Love, fear and death collide in an ambitious conceptual performance that finds Chris reaching new heights
“As you’ve suspected now, this is not your regular gig!” so states Chris, better known by the moniker Christine and the Queens, to an array of confused faces gazing up from the front row. The room is over a third of the way through the 20-track experience that is Paranoïa, Angels, True Love, and fans have already seen Chris ricochet across the stage with attuned, though seemingly reckless, precision.
The locale should have given away some of the mystery; it is unusual that a young, internationally successful pop star performs in a classical environment such as Birmingham’s Symphony Hall. A string of summer festivals including Glastonbury and Chris’ high-profile curation of Meltdown at London’s Southbank Centre should also have belied his increasingly conceptual ideal, one that has only grown more ambitious with each album since his 2016 debut, Chaleur Humaine.
To be within spitting distance of the spectacle is something to behold. Long gone is the bright disco in favour of moody, cinematic trip hop. The stage is scattered with Rodin-esque statues; the angels contemplative, the lion an icon of strength and bravery. A dark coffin sits centre stage, overlooked by a ladder reaching for the heavens from which Chris descends celestially during the performance of ‘Overture’, the opening to the recent fourth album.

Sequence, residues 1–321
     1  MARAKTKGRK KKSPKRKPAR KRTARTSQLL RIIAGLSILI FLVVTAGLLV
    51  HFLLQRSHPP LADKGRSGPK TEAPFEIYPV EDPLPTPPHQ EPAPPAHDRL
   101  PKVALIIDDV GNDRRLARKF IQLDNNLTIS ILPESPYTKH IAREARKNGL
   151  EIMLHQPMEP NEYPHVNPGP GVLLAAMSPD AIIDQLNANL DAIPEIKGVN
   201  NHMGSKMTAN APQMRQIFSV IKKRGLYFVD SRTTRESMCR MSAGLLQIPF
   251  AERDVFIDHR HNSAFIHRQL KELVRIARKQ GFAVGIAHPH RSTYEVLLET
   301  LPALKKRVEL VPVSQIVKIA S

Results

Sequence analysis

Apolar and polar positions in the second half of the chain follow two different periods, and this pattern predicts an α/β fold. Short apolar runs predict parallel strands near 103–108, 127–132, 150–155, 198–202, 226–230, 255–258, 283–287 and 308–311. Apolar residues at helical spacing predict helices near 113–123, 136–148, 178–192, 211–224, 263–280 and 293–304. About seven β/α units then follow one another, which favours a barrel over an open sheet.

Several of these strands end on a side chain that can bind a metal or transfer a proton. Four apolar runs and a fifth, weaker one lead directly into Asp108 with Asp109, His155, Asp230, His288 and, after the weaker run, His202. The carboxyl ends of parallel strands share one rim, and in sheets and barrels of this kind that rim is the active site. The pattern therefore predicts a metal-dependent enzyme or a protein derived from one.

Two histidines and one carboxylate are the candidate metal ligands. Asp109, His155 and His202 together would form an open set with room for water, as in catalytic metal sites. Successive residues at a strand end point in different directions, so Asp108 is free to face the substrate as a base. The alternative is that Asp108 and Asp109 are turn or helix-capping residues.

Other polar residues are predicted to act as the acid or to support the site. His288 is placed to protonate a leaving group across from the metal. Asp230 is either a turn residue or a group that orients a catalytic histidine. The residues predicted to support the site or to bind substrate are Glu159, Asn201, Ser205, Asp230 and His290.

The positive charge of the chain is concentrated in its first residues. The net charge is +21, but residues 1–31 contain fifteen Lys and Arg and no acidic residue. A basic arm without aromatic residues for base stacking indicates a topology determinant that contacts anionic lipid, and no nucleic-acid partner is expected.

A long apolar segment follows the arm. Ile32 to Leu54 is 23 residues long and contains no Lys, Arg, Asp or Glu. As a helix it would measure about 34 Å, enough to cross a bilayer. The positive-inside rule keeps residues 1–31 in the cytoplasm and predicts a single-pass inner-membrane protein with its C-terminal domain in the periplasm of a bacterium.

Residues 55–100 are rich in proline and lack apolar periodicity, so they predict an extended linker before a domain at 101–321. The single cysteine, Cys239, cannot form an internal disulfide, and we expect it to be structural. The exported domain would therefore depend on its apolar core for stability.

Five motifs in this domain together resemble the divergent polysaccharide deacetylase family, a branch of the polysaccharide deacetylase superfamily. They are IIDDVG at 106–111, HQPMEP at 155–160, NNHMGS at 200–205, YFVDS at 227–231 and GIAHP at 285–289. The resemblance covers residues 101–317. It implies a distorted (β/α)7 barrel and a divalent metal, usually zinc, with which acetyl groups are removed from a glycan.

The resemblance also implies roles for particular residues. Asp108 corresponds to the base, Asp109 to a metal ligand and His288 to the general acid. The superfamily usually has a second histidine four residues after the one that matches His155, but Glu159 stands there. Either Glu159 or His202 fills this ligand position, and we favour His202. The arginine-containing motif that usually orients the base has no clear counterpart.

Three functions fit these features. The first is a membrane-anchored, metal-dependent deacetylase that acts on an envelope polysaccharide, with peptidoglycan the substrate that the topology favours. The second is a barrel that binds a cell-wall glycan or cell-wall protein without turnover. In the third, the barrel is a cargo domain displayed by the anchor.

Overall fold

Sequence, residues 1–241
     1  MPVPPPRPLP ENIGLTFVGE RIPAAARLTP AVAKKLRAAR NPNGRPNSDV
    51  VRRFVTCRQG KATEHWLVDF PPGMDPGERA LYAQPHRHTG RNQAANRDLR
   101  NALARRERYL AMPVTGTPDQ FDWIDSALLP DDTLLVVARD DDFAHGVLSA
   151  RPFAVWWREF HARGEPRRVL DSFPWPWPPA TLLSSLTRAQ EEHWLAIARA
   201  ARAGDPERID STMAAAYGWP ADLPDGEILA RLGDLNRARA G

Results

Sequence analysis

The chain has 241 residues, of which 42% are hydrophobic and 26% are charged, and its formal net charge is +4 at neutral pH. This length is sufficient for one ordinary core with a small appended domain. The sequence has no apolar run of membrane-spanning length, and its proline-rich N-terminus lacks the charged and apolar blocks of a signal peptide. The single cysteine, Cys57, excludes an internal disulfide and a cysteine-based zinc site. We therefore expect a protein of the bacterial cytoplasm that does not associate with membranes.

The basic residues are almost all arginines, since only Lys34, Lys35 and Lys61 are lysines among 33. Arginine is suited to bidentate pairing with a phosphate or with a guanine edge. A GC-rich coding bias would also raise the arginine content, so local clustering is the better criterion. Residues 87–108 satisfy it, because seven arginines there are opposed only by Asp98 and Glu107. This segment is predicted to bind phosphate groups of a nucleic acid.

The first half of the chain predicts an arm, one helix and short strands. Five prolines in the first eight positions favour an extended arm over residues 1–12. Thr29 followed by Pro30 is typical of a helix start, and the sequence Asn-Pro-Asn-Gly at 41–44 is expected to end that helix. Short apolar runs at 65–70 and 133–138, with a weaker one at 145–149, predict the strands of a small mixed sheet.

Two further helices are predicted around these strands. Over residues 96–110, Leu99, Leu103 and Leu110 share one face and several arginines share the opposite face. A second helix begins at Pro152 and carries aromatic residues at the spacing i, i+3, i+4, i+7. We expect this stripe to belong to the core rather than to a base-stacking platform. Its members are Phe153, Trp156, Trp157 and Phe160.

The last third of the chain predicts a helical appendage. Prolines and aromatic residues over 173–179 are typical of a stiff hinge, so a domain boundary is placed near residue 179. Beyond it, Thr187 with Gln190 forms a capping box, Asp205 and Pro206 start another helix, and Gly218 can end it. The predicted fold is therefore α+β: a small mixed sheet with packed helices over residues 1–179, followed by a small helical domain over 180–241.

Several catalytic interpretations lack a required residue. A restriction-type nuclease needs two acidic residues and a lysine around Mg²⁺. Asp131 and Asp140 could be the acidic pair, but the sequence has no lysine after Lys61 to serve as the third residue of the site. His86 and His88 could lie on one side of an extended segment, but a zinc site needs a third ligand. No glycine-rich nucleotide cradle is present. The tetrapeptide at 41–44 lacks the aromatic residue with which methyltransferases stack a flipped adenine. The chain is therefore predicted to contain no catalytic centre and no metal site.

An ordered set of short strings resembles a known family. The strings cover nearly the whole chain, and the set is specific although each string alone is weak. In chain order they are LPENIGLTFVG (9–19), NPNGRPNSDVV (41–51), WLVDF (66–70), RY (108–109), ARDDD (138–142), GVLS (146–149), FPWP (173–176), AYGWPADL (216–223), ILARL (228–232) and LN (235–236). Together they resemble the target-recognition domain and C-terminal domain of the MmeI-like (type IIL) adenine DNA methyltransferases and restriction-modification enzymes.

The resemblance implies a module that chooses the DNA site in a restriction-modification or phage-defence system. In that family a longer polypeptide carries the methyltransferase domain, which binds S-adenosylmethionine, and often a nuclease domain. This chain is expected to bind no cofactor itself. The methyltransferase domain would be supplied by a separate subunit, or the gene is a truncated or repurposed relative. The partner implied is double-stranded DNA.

Pain has haunted Chris since the sudden death of his mother in 2019, the grief of which impacted his 2019 EP, La Vita Nuova. This musing on death continues here: purgatory narrated by Madonna’s bodiless voice; Chris’ guttural cries of raw emotion segueing into joy as his limbs find elastic echoes of Michael Jackson. There’s a brief respite before a chaotic maelstrom as he claws at his maker above during 11-minute epic, ‘Track 10’. The tale makes all the more sense in knowing Chris’ vision was inspired by Tony Kushner’s seminal play, Angels In America, and its symbolic examination of the 1980s AIDS crisis.
Despite being without dancers and, for all intents and purposes, a one-man show, Chris is not alone in his struggle and self-mourning. His band step forth with a bouquet, dressing Chris in a tailcoat with black wings. Ready for war, he takes to the crowd for ‘He’s been shining for ever, your son’. Chris embraces the audience and absorbs their love. Should the worst happen, he will still be here, forever in their hearts.
Credit: Steve Thorne / Getty